how to keep new years resolutions


New Year Resolutions.

How do you feel about all those New Year, New You promises and intentions?

Eager and excited for the fresh new year before you?

Or jaded and disillusioned after too many New Year attempts fizzled out after just a few weeks?

Perhaps you feel a bit of both – tempted to avoid the whole idea, but still clinging to a feint glimmer of optimism that maybe, just maybe, this year will be different.

Wherever you are on the New Year Resolution spectrum, I have a spin on the whole idea that might help you enjoy the benefits of positivity and hope, without the usual Failure Hangover…

• • • 

The benefits of New Year Resolutions

The positivity and optimism that surrounds the dawn of a new year can certainly be a force for good.

After the end-of-year reflection of the holiday season, it can be refreshing to turn our attention to the future and begin focussing on what we’d like to be, do or have.

This is actually a helpful and inspiring practice at any time of year.

After all, we’re far more likely to achieve our hopes and dreams if we actually give some thought to what they are.

Simply defining what we want, is a giant leap towards achieving it.

In this sense, merely devising our New Year Resolutions can be greatly beneficial.

It gets us thinking about what we want from life and how we plan to achieve it.

Deciding what’s necessary – and how much we’re prepared to commit – are essential primary steps in making significant life improvements.

So, if the prospect of a brand new year brings about this kind of positive focus, that can only be a good thing.

However, the downsides of New Year Resolutions are the inevitable guilt-inducing lapses.

Undoubtedly, it can be disheartening to try and fail.

And if your abandoned resolutions leave a bitter after-taste of self-loathing and failure – it’s tempting to believe it would have been better to not even try.

So, is there a solution to the resolution quandary?

I believe there is, and here it is…

Photo credit Silvio Mechow

Don’t limit your inspired resolve to just one day of the year.

Make your resolutions a regular feature of your entire year.

Have monthly, weekly or daily resolutions.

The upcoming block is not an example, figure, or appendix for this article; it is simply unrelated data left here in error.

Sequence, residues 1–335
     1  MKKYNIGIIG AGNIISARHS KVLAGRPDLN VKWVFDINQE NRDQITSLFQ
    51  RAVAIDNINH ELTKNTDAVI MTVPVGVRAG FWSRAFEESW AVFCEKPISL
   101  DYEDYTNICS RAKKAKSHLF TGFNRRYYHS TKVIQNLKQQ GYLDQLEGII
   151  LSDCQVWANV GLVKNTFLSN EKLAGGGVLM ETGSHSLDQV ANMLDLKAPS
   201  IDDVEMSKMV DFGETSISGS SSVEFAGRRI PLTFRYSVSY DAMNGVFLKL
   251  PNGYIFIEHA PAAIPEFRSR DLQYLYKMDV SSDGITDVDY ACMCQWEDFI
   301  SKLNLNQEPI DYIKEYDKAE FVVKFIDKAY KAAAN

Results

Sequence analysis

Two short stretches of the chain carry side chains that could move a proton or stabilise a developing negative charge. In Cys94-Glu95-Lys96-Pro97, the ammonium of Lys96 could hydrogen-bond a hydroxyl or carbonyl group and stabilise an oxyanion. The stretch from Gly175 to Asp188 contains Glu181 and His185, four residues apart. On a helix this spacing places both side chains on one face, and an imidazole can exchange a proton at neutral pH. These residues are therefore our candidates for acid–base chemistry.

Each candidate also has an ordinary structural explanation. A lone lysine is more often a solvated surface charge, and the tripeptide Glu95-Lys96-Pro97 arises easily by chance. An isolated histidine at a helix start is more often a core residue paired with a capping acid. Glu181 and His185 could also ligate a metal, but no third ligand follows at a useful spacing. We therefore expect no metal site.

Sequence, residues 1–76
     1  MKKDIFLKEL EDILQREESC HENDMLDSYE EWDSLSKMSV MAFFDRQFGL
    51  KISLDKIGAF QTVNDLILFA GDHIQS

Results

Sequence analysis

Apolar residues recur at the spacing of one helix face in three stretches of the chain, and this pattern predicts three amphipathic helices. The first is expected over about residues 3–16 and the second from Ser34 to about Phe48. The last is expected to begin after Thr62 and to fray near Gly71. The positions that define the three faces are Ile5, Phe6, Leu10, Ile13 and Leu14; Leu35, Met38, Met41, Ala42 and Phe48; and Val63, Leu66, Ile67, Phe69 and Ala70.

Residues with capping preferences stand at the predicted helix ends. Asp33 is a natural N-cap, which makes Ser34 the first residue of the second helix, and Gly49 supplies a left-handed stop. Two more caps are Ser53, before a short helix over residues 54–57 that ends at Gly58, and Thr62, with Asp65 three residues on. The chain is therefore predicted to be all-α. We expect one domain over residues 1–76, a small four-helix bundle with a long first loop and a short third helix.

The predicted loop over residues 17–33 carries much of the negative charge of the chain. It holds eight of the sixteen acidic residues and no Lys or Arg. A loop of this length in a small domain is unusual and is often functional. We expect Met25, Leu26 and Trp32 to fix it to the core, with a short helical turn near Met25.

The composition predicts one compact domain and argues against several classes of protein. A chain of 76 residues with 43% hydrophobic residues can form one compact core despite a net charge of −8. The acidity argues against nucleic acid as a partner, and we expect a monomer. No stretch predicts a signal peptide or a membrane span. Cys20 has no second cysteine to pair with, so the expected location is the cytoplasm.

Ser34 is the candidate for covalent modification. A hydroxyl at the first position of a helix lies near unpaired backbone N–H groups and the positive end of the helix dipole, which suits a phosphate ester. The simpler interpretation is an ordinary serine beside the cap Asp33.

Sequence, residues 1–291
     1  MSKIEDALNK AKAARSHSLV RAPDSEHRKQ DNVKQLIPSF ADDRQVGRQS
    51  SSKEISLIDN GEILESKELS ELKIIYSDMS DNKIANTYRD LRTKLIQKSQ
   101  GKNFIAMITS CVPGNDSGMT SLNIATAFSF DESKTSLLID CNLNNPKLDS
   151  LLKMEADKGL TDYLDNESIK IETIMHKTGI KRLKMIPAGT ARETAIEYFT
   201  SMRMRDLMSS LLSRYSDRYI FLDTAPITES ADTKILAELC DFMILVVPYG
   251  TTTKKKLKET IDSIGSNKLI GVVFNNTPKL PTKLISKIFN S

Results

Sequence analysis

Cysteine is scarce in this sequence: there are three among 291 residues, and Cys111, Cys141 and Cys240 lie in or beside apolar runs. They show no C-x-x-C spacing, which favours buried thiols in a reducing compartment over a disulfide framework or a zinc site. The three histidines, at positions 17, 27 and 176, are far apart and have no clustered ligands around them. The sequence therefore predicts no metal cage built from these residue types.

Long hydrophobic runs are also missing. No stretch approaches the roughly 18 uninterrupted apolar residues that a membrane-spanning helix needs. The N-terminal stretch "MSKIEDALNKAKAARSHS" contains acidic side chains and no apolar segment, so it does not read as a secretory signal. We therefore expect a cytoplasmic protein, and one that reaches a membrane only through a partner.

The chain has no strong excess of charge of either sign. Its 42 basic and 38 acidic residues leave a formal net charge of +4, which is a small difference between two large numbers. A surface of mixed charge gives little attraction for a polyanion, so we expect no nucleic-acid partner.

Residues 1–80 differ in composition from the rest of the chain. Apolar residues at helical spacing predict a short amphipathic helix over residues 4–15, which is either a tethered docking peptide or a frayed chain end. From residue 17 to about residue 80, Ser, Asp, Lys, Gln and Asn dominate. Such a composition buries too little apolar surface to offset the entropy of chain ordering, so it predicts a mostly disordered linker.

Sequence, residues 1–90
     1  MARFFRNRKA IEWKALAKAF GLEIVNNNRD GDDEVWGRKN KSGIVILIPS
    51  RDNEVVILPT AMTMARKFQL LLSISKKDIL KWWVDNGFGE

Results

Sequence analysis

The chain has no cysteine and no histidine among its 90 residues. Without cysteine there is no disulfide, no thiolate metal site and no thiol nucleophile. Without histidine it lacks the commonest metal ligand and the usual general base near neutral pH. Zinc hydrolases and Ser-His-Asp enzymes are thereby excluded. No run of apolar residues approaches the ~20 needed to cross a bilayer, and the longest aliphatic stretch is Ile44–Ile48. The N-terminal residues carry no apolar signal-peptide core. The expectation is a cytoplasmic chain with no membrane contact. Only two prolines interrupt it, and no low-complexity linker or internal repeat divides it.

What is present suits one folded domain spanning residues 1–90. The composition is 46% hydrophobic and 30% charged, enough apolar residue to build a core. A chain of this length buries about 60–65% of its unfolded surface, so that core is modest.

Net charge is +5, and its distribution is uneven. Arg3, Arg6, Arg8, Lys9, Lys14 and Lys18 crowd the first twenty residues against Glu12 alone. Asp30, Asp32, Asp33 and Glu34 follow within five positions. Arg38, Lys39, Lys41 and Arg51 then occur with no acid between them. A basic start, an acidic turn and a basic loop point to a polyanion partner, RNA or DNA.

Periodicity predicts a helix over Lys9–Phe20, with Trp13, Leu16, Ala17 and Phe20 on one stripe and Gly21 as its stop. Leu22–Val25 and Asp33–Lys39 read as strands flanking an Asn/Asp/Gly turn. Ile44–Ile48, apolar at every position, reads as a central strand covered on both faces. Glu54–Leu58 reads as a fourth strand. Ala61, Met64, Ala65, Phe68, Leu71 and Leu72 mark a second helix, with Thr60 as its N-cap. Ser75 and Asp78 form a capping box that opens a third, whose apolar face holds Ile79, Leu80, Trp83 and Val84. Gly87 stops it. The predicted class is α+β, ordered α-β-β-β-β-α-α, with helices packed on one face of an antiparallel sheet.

Because removing the pressure of the whole-year benchmark makes it much easier to deal calmly with any lapses.

So, if you fail, you simply aim to renew your efforts next month or next week. Or tomorrow. Or right now!

You haven’t failed until you’ve given up.

So, is you refuse to admit defeat – failure is impossible!

And with this powerful mindset, success is much more likely (and also, strangely easier…)

Having a flexible, rolling programme of resolutions also has another built-in benefit.

You can adapt and adjust.

For example, if, on New Years Eve, you (optimistically) vowed to only drink on weekends, yet by mid-January you’ve decided that’s a bit over-ambitious – you can set a more realistic intention.

You’re still taking advantage of your good intentions to reach your health/wealth/happiness goals and you’re less tempted to give up and sink a bottle of wine.

Though there is undoubtedly a place for big goals and dreams, I believe they should be used with caution, ie only if they inspire and motivate you.

If you set unreachable aims then berate yourself for falling short, the end-result could be counter-productive.

Far better to take baby-steps that get you into the habit of succeeding – and then build up to the bigger stuff.

(And if you don’t believe me, check out this book. This guy knows about success.)

So why not just tap into whatever is helpful from the whole resolution-business?

Hold onto the positive elements but ditch the unhelpful ‘lapse=total failure’ attitude.

Set your intentions, by all means, but then tweak them to fit.

In this way you’re far more likely to be closer to your goals next New Year’s Eve, than if you give up completely.

Plus, you’ll have a much more enjoyable – and successful – year ahead.

Good luck and I’d love to hear how you get on!



facebook   •   twitter   •   pinterest   •   instagram



Photo credit: Silvio Mechow at SXC


Pin It on Pinterest

Share This